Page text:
SAVE Rivers affirms that the majority of those who could be affected by the proposed Baram Dam are against it.
Villagers from Baram were angered by a statement from their community leader, Penghulu Paul Kalang which was published in the Borneo Post on 4 September 2014. They all voiced out their disappointment that they were being sidelined in the decision-making to determine their livelihood and future related to the proposed Baram Dam.
In his published statement the Penghulu said that the Baram Dam was the only way to develop the Baram District. Since Sarawak Energy Bhd may delay the construction of the Baram dam, Penghulu Paul Kalang said that he and the other community leaders are going to make sure that the dam is built.
To discuss this, they are meeting with the Chief Minister of Sarawak and the head of State soon.
The Baram Dam is a controversial project which has received a lot of resistance and protest. Preliminary work such as the access roads, geological surveys, site clearing and a stone quarry were halted when the workers were evicted from site by the villagers in October 2013.
Since then, blockades have been erected to stop further work on the ground for the proposed dam.
Based on signature campaigns and interaction with the people, SAVE Rivers affirms that the majority of those who could be affected by the proposed dam are against it.
Meanwhile, those who are openly supporting the construction of the dam are few; they are mostly the government-appointed community leaders and village headmen, timber companies and individuals who are already exploiting the forest bare.
The statement from Penghulu Paul Kalang received a lot of angry comments in social media and in phone calls to SAVE Rivers.
Commenting on the statement, James Nyurang, the village headman of Tanjung Tepalit said, “If the Penghulu really wants the dam, he should move to Sungai Asap or one of the resettlement areas for those affected by the existing dams. I am sure there are plenty of people from those places who would love to live in Baram instead and give their home to him and he should give his home and land to them in return.”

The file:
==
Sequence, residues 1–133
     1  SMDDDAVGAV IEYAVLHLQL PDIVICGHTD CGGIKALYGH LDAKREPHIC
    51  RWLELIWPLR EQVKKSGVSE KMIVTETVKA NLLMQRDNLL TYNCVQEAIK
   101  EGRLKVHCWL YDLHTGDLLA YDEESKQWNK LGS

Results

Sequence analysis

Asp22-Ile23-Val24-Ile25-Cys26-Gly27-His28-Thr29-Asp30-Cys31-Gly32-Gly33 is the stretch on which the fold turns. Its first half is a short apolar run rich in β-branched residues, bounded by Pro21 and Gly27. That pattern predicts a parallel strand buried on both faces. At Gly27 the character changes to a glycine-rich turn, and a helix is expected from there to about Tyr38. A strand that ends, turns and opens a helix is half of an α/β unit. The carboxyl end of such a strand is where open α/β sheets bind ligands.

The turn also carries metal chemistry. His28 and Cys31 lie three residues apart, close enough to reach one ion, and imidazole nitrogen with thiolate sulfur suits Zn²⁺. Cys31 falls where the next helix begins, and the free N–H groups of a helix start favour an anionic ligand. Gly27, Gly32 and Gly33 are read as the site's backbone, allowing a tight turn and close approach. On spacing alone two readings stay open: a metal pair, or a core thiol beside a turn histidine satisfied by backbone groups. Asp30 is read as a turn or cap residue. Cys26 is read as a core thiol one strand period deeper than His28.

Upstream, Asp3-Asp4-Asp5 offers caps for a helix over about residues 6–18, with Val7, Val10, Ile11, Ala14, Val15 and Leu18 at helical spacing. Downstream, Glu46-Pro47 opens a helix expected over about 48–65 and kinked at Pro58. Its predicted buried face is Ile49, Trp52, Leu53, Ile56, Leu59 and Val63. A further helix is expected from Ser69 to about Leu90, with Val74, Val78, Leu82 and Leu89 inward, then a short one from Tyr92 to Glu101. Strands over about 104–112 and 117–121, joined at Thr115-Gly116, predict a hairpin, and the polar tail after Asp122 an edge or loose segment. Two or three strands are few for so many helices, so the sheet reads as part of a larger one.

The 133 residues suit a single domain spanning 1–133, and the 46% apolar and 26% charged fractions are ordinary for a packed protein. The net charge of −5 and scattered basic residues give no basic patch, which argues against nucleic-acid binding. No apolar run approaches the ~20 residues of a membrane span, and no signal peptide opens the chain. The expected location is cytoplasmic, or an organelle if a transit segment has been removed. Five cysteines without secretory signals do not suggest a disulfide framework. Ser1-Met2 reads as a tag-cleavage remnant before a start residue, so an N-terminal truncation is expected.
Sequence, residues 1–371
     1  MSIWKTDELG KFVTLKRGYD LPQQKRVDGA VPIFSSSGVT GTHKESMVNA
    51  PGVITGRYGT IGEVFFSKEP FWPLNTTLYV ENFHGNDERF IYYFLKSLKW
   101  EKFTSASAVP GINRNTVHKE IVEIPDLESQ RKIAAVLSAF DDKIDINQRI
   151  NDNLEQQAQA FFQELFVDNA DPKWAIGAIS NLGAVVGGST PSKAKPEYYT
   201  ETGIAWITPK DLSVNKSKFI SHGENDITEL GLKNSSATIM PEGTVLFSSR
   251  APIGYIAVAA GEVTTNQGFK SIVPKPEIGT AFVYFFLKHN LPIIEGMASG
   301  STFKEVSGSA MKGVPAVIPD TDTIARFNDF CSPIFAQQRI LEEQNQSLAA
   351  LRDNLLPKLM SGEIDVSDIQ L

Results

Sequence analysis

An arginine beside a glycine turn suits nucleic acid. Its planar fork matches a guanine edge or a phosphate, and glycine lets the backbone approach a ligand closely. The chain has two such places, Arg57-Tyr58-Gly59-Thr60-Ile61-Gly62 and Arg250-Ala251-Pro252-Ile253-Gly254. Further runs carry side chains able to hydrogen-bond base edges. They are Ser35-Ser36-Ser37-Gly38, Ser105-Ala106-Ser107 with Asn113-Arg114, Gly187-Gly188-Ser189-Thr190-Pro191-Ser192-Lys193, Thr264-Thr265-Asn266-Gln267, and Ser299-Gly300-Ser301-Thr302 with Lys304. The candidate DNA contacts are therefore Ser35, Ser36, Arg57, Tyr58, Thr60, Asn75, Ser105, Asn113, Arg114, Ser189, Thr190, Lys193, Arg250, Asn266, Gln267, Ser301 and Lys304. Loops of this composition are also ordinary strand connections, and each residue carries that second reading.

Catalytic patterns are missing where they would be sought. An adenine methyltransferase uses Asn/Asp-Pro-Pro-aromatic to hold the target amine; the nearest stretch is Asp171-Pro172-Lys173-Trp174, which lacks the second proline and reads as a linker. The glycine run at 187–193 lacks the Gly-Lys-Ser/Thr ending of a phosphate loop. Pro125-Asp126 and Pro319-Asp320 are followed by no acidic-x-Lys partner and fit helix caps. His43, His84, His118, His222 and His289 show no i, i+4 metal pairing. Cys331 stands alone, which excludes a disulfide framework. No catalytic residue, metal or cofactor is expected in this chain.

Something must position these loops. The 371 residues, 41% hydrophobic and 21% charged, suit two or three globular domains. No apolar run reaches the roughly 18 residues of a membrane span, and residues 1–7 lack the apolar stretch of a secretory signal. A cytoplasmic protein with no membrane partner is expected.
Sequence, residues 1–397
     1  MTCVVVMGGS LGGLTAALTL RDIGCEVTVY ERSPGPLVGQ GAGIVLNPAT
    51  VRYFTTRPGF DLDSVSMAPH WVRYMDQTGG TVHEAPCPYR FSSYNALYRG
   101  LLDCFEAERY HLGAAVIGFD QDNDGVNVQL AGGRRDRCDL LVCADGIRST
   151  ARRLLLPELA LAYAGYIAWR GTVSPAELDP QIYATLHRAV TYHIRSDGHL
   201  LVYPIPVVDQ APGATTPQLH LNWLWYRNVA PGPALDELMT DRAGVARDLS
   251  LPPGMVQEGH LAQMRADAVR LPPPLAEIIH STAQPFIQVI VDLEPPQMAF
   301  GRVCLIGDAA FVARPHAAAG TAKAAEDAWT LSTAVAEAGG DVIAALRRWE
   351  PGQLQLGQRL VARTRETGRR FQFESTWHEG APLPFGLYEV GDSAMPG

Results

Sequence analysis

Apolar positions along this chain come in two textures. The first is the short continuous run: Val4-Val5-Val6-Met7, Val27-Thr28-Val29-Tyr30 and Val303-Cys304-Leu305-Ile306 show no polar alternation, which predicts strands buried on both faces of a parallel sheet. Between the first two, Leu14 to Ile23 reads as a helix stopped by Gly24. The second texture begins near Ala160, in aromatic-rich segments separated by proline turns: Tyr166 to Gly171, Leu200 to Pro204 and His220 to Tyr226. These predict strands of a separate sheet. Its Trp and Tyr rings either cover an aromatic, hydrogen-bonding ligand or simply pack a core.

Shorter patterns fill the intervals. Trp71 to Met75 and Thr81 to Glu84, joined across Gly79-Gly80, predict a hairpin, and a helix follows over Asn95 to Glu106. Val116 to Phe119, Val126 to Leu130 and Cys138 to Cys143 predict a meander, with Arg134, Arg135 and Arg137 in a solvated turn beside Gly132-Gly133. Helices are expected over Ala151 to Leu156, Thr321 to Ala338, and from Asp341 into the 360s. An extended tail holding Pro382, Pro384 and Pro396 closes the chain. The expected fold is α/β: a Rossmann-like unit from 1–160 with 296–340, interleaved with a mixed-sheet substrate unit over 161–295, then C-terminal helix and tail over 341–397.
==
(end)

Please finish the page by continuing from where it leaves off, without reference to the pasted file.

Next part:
Anthony Lawai Karing, voicing out the same sentiment, said, “I am from Long San and Penghulu Paul is also from there. Practically all of us in Long San are against the Baram Dam. The Penghulu never calls for a meeting to ask us for our opinion. Why should he meet the Chief Minister or Head of State about Baram? They are not living in Baram and they will not suffer if the Baram Dam is built.”
Thomas Jalong Apui from Long Anap said, “The Penhulu is entitled to his own opinion but if he uses his position to make such a statement it is unacceptable.”
The proposed Baram dam seems to bring a lot of discord among the communities in Baram, a place which is normally known for harmony and serenity.
Commenting on the frequent attacks against those who are opposed to the dam, Peter Kallang, the chairman of SAVE Rivers said, “These attacks by the politicians and headmen against those who resist the dam would have been proper in an outdated, autocratic or dictatorial society. To go ahead and build the dam even though there is so much opposition (to) it could also be quite acceptable in such a system.
“But based on this country’s constitution, it is a violation of human rights, and it is a crime. So the Baram people need to stand united and continue the struggle persistently.”
SAVE Rivers is a grassroots network of indigenous communities and civil society organisations in Sarawak, working to protect human right and stop destructive dams in Sarawak.